AMMON — Emotions ran hot as people angry over their water bills crowded into the City Council chambers and spilled out into the fire station next door for Thursday’s public hearing.
There was even mention of a possible recall election if water rates weren’t made more affordable.
“I employ this council to truly listen to the citizens and the petitions,” Ammon resident Arlene Coon said during the meeting. “If they can’t do this … there’s been a lot of talk about a recall.”
Coon is one of the people behind circulating a petition that received more than 1,000 signatures asking the city council to make the water rates more affordable. She gave that petition, with the signatures, to Mayor Sean Coletti.
“A lot of people, up until this time when we’ve got water meter, have spent a lot of money getting their yards the way they want it, and now they can’t continue it,” Dick Bybee told the city leaders.
At one point, a group tried to get the meeting moved to a new location because there wasn’t enough room for everyone to see and hear.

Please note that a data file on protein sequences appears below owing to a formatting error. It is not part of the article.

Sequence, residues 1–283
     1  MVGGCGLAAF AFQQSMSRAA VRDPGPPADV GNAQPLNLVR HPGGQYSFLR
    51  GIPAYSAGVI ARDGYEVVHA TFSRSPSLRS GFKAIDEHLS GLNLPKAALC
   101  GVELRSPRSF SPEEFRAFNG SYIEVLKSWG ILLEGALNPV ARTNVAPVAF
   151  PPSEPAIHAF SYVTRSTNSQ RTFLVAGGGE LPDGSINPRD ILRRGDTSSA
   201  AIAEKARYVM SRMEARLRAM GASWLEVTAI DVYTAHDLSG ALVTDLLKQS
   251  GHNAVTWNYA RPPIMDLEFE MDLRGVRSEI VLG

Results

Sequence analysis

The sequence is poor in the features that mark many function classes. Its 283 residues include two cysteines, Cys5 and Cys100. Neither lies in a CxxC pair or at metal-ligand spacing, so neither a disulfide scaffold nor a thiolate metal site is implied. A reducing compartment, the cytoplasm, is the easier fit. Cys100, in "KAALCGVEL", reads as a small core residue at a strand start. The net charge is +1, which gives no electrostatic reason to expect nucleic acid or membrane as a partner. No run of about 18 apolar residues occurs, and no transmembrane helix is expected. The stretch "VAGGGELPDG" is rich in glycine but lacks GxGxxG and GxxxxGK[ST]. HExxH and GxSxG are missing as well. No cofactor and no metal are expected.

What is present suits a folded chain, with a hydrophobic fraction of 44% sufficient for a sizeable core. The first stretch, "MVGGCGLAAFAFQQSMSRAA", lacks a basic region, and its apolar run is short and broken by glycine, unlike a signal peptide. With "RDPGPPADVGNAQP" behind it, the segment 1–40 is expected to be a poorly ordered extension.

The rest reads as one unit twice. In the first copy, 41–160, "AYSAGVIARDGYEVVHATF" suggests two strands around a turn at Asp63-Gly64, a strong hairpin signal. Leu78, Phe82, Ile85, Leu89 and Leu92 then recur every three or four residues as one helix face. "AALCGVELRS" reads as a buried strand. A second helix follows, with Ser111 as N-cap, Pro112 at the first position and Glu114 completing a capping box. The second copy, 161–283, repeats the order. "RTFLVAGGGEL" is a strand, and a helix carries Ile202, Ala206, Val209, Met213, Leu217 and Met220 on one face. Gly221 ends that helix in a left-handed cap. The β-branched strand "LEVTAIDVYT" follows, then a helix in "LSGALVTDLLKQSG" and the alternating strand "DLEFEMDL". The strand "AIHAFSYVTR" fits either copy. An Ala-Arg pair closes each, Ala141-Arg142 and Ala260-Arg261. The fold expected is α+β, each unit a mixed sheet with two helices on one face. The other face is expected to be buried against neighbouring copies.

“We ought to move this to a school and redo this meeting,” one person standing outside the chambers said. “We can hardly hear what you’re saying back here.”
Coletti declined the suggestion to move the meeting to another location and offered to provide any information people were not able to hear to them after the meeting ended.
“Do you know how many public meetings that we’ve held? How many of those seven were you at?” Councilman Brian Powell asked the people trying to get the meeting moved.
The City Council offered to hold another meeting and go over the same information for those that weren’t able to hear but asked that Thursday’s meeting be allowed to continue.
Unhappy with that suggestion, those outside the chambers continued to try and have the meeting moved until Councilman Russell Slack suggested the council members give up their chairs so everyone could sit inside the chambers.
One of the main issues those in attendance raised was that after they cut down their water usage, their bills did not go down.
Coletti said that likely means there is a leak or crack in their water system. He encouraged citizens to come in and review their water usage with the city.
Slack said the water metering system is accurate enough to tell when someone flushes a toilet. He said if they come in to review their water usage after turning off all running water and their water usage does not drop to zero, it means there is a leak somewhere in their system.
The council did not make any decisions and only listened to and answered questions during the meeting. Coletti said they would take the petition to lower the water rate “into consideration.”